As much as I may like an artist’s music, their story often intrigues me more. When I heard that Johnny Day recently left a job working in the Colorado oil fields to move to Nashville, I wanted to learn more.
Day got interested in music when his elementary school class went on a field trip to see an orchestra. As a child, he had never seen anything like it.
He recalls, “It was an orchestra, classical music. But from that moment on, all the goosebumps and crazy stuff just stuck in my blood. Music was a mystical thing. It was magic.”
Day’s dad was a truck driver and, when he was little, sometimes he would ride with him. He had a George Strait cassette which he played over and over again
“It was George Strait on repeat. He was a diehard fan,” Day remembers.
By the time he got to middle school, his friend’s older brother played guitar and he was really good. Day wanted to try that, so his mother got him a guitar.
At age 13, he started playing guitar in a classic rock band with guys who were much older than him.
“I cut my teeth [in music] playing with them. They were so gracious to let me, this little kid, sit in with them and teach me the ropes and show me what it’s like to play live,” he explains.
After that, he started gigging and playing guitar in three-hour shows.
Day didn’t get into country music until high school. He was awed by country star Brad Paisley, who was singing and playing lead guitar.
“I was junior in high school and I decided that was what I wanted to be doing.”
After high school graduation, he tried community college but knew instantly that it was not the path for him.
He started working in the oil fields so he could save enough to get a guitar like Paisley’s ‘64 vintage Telecaster and a custom Dr. Z Wreck amp.
After working non-stop for several months, he finally saved enough to buy the guitar and then quit his oil field job so he would actually have time to play and practice.
To become as good as Brad Paisley, I knew a lot of practice must have been involved. Day agreed.
When it comes to practicing every spare moment, he proudly admits, “I still do. It’s never ended. He’s one of the greatest to ever do it. So trying to get anywhere close to [Paisley] is nearly impossible.”
He continues, “In all honesty, I’m never going to be able to sound like Brad Paisley. He’s got different hands, different flesh, a different ear.”
But when it comes to technique and playing the riffs, Day practiced over and over at 50 percent speed until he could master the music. Then he slowly sped it up until he could play the licks as well as his idol.
In high school, Day often played with older musicians, and that is when he began writing songs and singing them. When he was 18, he and a pal wrote a song and entered it in a local radio contest. It won. That’s when he knew he wanted to be more than a guitarist. He wanted to write and sing as well.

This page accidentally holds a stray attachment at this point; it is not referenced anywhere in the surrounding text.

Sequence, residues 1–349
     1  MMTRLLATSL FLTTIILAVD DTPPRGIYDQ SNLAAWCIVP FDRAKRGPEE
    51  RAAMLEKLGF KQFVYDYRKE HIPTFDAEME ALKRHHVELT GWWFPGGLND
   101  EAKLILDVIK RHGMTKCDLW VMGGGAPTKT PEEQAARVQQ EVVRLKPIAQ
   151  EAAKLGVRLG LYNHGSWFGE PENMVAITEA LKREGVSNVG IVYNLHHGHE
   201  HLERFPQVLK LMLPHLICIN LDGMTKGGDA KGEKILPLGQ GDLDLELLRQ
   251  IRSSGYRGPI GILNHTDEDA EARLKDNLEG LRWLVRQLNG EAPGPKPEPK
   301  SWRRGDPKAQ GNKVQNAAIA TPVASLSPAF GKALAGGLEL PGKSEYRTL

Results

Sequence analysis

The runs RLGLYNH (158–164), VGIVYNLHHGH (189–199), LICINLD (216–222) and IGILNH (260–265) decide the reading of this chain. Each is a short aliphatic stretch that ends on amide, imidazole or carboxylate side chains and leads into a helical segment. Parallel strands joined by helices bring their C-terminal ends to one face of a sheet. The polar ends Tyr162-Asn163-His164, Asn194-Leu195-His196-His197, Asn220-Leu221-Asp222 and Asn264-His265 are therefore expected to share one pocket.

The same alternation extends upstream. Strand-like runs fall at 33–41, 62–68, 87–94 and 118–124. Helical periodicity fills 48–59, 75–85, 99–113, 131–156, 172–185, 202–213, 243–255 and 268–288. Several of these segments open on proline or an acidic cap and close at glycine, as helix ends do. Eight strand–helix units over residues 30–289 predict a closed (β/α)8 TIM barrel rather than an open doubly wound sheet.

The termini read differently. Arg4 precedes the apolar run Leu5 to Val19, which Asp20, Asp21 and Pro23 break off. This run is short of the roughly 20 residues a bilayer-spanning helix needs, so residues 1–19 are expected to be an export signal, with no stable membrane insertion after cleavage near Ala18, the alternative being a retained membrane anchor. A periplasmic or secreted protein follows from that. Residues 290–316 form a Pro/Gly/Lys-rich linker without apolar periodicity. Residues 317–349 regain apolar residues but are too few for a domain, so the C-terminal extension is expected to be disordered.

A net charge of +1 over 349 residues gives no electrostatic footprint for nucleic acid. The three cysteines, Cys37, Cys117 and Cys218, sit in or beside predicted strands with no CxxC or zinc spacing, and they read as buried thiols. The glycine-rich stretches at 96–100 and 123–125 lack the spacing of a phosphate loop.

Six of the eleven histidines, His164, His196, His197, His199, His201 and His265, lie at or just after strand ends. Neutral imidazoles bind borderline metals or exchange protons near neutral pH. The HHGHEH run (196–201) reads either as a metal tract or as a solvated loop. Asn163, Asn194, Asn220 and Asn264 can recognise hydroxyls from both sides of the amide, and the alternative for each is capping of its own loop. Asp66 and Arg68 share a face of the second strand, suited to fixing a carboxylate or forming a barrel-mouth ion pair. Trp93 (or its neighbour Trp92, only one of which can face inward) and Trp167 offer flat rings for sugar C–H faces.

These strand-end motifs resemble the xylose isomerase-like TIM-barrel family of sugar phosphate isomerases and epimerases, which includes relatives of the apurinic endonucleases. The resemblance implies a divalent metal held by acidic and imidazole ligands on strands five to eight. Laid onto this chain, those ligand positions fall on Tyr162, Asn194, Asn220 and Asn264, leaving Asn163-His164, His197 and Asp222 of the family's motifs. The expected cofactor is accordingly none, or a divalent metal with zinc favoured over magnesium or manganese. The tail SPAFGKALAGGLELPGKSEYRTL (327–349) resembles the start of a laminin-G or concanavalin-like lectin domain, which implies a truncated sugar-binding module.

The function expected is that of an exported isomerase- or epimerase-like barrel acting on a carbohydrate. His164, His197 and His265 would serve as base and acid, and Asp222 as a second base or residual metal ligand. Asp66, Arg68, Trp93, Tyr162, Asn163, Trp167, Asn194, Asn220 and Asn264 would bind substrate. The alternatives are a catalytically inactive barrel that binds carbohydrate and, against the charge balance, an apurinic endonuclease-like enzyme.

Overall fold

The older he got, the more he listened to country music.
“Of course, I loved the guitar solos, but I was infatuated with the songs, and how relatable they were to people. And all the girls loved country music, too,” he adds.
While in Colorado the artist worked several jobs but needed more money to put into his music, After much soul-searching and getting “right with God,” he went back to the oil fields with a more lucrative position.
In his spare time, Day was able to release several singles, like “Nothin’ Better to Do,” “Wild,” and the romantic “Left Hand Heavy.” But the all-favorite song that he has written is
“Two Good Forgivers.”
He remembers that shortly after Billy Graham passed, they were talking about how wise his wife, Ruth, was.
Ruth Graham was reported to have said, “You know what it takes to make a marriage last? It takes two good forgivers.”
Day knew he had a hook and shortly thereafter, the newlywed had a song.
In April of 2022, Day quit the oil field and moved himself and his family to Nashville.
Before the move, his wife told him, “You better put your big-boy pants on and put your two weeks in.”
Since moving to Music City he is proving that he is “all in.”
On June 24th of this year, Day released his latest single “Every Beer Every Bar” featuring Zack Dyer, a tune that raises a toast to getting over a relationship.
Wide Open Country’s Bobbie Jean Sawyer said the song was a “rowdy tune about attempting to drown a heartache during a night out on the town.”
Day met Dyer through his producers, The 720 (Jarrod Ingram and Blake Hubbard). He heard Dyer’s voice on a couple of demos and loved it.
“It’s an honor to have him on this track,” shared Day.
Dyer wrote “Every Beer Every Bar” with Morgan Evans (“Kiss Somebody”), and Lindsay Rimes (Kane Brown) over Zoom in 2020. They felt sure it would be a hit for somebody and they are thrilled that Day has put the song out.
Day now is a seasoned entertainer who has performed at numerous premier venues and events across the country including Bluebird Cafe, Key West Songwriters Festival, and the Rocky Mountain Country Music Awards, where he was nominated for New Country Artist and Performer of the Year.
In the short time that he has been in Nashville, Day is busy playing his music as a frontman all over the area and also fills in as a sideman for some of his pals.
Day has proved time and again that he is not afraid of hard work. With his skillful singing, songwriting, and guitar playing, he has catapulted himself into a promising country music career. I know this artist’s star is just beginning to shine.
You can keep up with Johnny Day on his website, Facebook, Instagram, Twitter, TikTok, and all streaming services.
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Bethany Bowman is a freelance entertainment writer. You can follow her blog, Instagram, and Twitter.